The sun peeks out earlier each morning, and the birdsong drowns in the noise of a hundred frogs. Before long, we will plow through popsicles and watch our librarian swipe the nearly glowing card, handing it back with a towering pile of titles. Meals will be built around sweet peaches and ripe tomatoes while throwing the pool towels back into the dryer for another spin.
Summer is coming in all its colorful glory.
But may I confess something? I am notoriously bad at summer.
Instead of soaking up the rhythm of the lighter, more restful months, I fight and struggle against the temptation not to view every single free moment as an opportunity to redeem all that I have not accomplished this year.
With two daughters under 11 who are homeschooled, I crave the months in which I am just their mother and not the teacher. I wait for summer all year long. But, since the freer months are when the words begin to flow, I don’t usually allow my writing self to slow down much in summer; it is a time when I’m relaxed enough to take in the beauty around me and translate it into written words.
I know that with our leaner schedules, summer has the potential for more togetherness and rest. In theory, it’s a time to be present and tend to those parts of ourselves that are still weary from the marathon of spring. But even though summer feels like abundance, my mindset can quickly turn it into another season of scarcity and stretching.
I forget that summer isn’t a reward for those who have earned it or a gift endowed only to teachers and 5th graders. Whatever your daily life looks like, summer is for you, too. Wherever you are, summer is yet another gift from a good Father which we don’t have to earn to enjoy.
It is a rhythm we all need in some way—the dance of the seasons taking turns and illustrating in nature exactly what we need to mirror in our bodies and lives. We know that we need summer like we know eating regularly makes us nicer people. It’s okay if we need to be reminded to play, to enjoy the days of fluidity, and then not feel guilty for them later.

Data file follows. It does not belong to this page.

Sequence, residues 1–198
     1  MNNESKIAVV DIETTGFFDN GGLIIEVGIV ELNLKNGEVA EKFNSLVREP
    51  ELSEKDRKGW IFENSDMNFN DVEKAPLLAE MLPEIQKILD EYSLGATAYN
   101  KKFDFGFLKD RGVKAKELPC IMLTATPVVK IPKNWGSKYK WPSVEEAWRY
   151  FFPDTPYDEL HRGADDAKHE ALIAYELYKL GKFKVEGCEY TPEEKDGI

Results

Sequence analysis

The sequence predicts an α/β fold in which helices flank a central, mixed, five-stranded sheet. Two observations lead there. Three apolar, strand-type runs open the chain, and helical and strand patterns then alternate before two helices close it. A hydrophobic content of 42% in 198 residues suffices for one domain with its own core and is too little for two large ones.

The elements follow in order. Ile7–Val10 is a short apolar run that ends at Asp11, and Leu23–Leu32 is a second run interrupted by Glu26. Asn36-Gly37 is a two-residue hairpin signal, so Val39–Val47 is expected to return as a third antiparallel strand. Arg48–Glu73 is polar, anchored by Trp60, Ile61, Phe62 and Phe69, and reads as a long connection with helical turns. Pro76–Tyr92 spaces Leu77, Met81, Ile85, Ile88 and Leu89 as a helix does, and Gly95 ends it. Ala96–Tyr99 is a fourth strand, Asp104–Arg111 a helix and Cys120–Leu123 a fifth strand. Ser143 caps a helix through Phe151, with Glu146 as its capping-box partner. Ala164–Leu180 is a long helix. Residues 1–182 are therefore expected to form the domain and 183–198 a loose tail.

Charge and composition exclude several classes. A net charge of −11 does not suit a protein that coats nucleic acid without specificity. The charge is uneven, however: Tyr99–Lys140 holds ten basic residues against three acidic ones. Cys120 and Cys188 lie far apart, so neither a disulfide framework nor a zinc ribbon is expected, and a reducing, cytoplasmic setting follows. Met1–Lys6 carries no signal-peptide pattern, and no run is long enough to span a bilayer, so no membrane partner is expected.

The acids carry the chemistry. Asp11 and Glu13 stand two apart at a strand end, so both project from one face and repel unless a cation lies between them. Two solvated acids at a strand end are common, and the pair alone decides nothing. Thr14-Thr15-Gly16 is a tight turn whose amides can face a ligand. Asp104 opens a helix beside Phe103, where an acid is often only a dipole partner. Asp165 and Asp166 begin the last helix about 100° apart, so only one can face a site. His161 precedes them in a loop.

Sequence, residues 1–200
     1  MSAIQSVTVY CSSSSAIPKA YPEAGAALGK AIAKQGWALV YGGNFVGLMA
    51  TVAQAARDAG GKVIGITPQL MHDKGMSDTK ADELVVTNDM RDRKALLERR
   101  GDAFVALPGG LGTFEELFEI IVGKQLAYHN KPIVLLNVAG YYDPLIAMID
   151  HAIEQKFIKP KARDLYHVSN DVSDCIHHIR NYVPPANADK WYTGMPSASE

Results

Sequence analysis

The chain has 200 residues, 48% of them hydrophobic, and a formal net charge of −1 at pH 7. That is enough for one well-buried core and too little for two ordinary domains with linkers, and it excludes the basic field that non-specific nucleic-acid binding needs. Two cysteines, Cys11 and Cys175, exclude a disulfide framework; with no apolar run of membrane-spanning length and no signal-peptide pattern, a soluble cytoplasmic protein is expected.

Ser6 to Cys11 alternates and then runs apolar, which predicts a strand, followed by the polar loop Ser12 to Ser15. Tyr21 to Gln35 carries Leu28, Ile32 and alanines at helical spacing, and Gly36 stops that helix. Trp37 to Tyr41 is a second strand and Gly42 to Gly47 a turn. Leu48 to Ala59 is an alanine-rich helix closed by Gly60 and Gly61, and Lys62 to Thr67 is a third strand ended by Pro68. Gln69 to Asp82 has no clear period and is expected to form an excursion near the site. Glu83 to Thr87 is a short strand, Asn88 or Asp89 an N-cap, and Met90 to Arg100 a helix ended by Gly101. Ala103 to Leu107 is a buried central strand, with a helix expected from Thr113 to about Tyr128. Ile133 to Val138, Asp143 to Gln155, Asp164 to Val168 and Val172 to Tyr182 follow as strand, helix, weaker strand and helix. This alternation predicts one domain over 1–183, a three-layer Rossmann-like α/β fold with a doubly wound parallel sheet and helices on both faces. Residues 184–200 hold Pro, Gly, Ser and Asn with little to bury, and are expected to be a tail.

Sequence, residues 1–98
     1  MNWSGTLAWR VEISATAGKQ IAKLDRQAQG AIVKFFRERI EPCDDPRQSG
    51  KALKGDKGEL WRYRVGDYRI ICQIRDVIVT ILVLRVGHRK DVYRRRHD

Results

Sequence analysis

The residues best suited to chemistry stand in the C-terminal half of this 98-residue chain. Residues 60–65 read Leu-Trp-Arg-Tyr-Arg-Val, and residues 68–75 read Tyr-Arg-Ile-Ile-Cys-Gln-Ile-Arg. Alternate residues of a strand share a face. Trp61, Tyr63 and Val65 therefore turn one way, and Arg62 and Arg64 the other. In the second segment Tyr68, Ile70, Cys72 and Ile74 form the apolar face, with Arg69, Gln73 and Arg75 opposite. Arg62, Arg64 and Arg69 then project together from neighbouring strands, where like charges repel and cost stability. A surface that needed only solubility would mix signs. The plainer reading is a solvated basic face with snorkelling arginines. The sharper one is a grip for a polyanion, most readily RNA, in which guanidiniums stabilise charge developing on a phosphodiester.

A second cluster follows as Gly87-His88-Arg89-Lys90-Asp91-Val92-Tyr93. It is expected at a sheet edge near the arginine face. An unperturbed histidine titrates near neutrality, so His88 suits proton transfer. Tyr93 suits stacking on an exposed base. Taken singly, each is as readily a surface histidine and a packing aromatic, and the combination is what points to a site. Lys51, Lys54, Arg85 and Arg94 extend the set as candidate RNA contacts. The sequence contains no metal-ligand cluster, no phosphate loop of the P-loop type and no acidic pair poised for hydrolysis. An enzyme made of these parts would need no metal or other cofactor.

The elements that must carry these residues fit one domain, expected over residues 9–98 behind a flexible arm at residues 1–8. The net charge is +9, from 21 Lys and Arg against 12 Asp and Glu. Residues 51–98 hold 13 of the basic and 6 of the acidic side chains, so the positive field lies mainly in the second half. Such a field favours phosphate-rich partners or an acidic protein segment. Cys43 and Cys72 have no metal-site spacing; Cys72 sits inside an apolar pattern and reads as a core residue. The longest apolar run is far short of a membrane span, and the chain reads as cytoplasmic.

If you are like me, you may often arrive in late August with a mental list of all the things you did not accomplish in your home, your work, your art—in anything. Friend, that list of unchecked boxes can sour a summer long before the transition to fall.
So how do we effectively manage a real life that rarely takes a summer holiday? How do we steward what we must do with all of the rest and presence that a whole-hearted life craves? We mustn’t give up the search for balance between both the good rest and the good work, but we can choose what has the most value and walk confidently in the direction of those things. Even if those certain things are pool time and reading a long novel without guilt.
I believe in having a summer list of things that mean the most to my people, but I also believe in having a list of things I will not do this summer. Not a bossy, shouting sort of list, but a kind reminder for my heart during what can be the most carefree time of year.
This is my manifesto for summer, and it is a gift to you—a set of markers for that slice of time between May and August. They are reminders that rest is a good and needed gift and that we can choose to be present, choose to be absent—and not allow guilt for either.
A SUMMER MANIFESTO
I will open my hands willingly to the swelter of June, July, and August, and collect their slower gifts.
I will breathe in summer and not hold it up against seasons of greater productivity.
I will create when I can and be happily content with the art made in the quiet cracks between less quiet summer adventures.
I will smile at these days of fluidity and fun, and welcome ‘wasted’ time with people I love.
I will invite my children into creativity and remember that the messy often makes for good memories.
I will not stop trying to balance both the good rest and the good work.
I will see beauty in a season of less and embrace the knowledge that if rest is offered me, rest is where I am most needed.
I will eat popsicles, and know again the drippy, sticky happiness of being nine years old.
I will focus on the faces in front of me.
I will notice new constellations of freckles on her nose.
I will see the way his eyes reflect the pool blue of the deep end.
I will remember that cultivating an atmosphere of simple fun and unabashed joy means as much as creating a magical masterpiece of a summer.
I will choose wave skipping and a seashell search over chasing someone else’s good goal.
I will stay in my own lane and swim happily in it.
I will take this summer, however it looks, with my whole heart and I will not make it smaller by comparison.
Together, we will remember that this summer—our summer—is a gift wrapped in beach towels and tied with a jump rope bow—and we will love every imperfect minute of it.
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